What Are GMOs? [Part 1]
Tuesday, March 31, 2015
Author: Kurt Boudonck, Plant Geneticist and Greenhouse Groupleader in RTP
In the last few years, the food and health industry has been buzzing about GMOs. The scientific term has spread on social media - with everyone from The Skimm
, to Katie Pinke
, to Bill Nye the Science Guy
weighing in on the GMO “debate.”
With social conversation growing and misinformation flying, we wanted to provide some scientific answers straight from plant scientists. Our own, Kurt Boudonck, plant geneticist and Greenhouse Groupleader in RTP, sat down to explain the basics of GMOs.
What does GMO mean?
GMO stands for “genetically modified organism.” The term refers to the fact that an “organism” (plant, animal, insect, bacteria, yeast…) has been “modified” by the transfer of a piece of “genetic” material coming from another organism, through the use of modern, fast, precise and safe scientific techniques.
What are some misconceptions about GMOs?
Some people fear GMOs because they think that scientists created something that never existed before in nature, and therefore may perhaps be dangerous or unsafe. This is a misunderstanding.
Organisms have been “modifying” themselves and each another, for thousands of years. Modification is a natural process, seen everywhere in nature. Let’s illustrate with two examples from the plant world:
- Tomatoes. Tomatoes are non-GMO. In food stores you will find tiny cherry tomatoes but also big flesh tomatoes. Both are “modified or genetically different” versions of a standard average tomato. So nature itself modified tomatoes to give us different kinds of tomatoes.
- Strawberries. Strawberries are non-GMO. The strawberry that is at your farmer’s market today has gone through hundreds of natural genetic modifications over hundreds of years. It may have acquired a piece of genetic material from an insect, a piece of genetic material from a plant virus, a piece from another plant….to make up the sweet and juicy traits it has today. This is all part of nature’s process.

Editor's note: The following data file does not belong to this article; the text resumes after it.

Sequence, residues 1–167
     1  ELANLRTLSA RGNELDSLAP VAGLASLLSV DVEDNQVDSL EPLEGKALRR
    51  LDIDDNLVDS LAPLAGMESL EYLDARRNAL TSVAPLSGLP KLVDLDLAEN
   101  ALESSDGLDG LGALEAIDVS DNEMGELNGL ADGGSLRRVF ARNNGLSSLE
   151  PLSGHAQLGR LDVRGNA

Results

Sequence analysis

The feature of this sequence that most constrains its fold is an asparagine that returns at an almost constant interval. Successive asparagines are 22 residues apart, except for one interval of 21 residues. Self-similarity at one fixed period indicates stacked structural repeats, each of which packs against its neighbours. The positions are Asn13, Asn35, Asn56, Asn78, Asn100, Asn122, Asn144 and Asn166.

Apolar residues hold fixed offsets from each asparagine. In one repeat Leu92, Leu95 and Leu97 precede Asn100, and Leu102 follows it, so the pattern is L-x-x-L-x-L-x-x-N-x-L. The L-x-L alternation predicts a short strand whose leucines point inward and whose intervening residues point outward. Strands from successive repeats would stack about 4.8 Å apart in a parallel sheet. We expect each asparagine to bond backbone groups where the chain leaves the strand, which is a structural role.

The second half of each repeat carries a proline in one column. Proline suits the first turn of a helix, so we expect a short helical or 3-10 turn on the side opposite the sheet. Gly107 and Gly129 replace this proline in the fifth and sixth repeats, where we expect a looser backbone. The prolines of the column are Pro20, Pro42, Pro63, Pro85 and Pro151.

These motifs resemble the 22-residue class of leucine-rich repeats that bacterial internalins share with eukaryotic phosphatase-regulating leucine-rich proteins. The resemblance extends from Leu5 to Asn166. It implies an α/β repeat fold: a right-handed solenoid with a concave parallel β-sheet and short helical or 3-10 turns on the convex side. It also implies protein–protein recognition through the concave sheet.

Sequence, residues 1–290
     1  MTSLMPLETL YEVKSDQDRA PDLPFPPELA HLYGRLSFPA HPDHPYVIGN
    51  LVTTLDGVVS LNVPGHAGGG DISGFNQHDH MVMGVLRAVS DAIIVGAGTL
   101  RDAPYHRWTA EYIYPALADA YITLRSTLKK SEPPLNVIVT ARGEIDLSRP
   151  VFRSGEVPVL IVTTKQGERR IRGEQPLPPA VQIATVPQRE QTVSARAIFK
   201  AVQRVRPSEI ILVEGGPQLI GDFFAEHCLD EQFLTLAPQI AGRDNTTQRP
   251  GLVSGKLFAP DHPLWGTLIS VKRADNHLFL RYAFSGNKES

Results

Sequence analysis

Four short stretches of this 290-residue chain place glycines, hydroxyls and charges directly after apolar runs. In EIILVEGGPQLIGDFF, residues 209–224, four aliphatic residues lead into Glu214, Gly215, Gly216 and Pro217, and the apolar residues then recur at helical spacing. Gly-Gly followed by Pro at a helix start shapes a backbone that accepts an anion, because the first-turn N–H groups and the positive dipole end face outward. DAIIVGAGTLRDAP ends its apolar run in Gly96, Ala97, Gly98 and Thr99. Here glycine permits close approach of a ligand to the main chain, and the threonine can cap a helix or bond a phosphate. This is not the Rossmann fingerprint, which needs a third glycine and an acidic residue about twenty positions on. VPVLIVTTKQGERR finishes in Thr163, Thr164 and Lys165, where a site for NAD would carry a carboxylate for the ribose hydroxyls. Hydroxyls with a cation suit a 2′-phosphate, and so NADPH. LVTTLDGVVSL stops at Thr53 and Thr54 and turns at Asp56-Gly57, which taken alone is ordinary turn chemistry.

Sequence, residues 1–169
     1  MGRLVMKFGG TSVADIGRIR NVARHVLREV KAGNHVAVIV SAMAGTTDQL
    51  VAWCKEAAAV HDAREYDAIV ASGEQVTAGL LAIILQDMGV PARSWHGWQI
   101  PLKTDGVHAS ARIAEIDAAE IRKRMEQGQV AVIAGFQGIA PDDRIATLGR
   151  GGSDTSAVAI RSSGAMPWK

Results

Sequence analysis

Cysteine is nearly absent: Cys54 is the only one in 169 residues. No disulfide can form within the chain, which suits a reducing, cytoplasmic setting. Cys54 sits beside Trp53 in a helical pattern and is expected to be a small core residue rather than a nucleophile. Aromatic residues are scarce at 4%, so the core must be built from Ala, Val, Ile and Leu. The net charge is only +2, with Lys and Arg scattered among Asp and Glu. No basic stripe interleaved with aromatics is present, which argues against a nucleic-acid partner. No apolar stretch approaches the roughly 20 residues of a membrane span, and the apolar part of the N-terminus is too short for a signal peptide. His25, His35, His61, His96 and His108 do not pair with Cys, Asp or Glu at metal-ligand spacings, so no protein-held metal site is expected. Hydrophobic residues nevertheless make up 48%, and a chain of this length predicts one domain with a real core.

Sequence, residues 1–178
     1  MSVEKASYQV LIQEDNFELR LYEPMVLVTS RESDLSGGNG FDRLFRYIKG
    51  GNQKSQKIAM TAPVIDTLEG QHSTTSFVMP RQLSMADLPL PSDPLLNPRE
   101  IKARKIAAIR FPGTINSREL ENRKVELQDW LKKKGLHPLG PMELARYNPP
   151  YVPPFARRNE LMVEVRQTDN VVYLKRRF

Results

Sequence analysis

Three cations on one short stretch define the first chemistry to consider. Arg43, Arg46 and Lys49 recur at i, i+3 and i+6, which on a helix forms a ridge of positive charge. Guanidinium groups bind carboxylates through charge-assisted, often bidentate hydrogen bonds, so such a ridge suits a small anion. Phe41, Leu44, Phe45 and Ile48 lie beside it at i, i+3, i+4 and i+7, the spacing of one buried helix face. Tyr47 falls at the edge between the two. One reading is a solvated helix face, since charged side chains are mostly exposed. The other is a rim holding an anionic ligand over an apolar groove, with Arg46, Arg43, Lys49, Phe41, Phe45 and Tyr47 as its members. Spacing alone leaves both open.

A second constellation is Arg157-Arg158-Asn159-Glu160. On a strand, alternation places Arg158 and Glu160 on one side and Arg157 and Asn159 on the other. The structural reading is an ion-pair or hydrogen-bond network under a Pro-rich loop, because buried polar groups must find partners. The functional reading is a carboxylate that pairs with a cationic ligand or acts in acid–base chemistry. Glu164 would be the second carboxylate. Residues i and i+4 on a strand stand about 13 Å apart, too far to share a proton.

These examples illustrate the fact that if we genetically modify an organism or make a “GMO,” that is not very different than what nature does already by itself every day.
What makes GMOs different then?
The difference lies in the use of modern, fast, precise and safe scientific techniques to make the modification happen faster. Let’s illustrate with two GMO examples from the plant world:
- Papayas. The papaya ringspot virus nearly wiped out the entire papaya production in Hawaii in the second half of the 20th century. Without science intervening, it is possible that papayas may have gone extinct or that a few plants may have slowly developed resistance to the virus (over the span of hundreds of years).
Enter GMO. In a lab, scientists were quickly able to modify the papaya with a piece of genetic material that instantly made the papaya resistant to the destructive virus. The GMO papaya went through years of testing and regulatory studies, was approved, and is now available in stores.
- Rice. Many populations around the world depend on rice as a food source. Rice is low on vitamin A and this can lead to blindness if used as sole food source, because eyes need vitamin A. Left alone, there is a chance that in thousands of years we may find a new variant of rice that naturally produces more vitamin A by taking up pieces of genetic DNA from other vitamin A rich organisms.
Enter GMO. In a lab, scientists used a modern, fast, precise and safe technique to modify rice with a new piece of genetic material that now allows the rice to produce a lot more vitamin A. This product exists today, called golden rice. It is currently in the approval phase, and hopefully will reach the market soon.
For more information and insights on the science behind GMOs, read Part 2 of "What are GMOs?" and visit www.GMOAnswers.com. You can also read Kurt’s Reddit AMA, where he answered questions about his job as a Bayer CropScience plant scientist.
What are your thoughts on the GMO conversation? Leave a comment below or share with us on Twitter @Bayer4CropsUS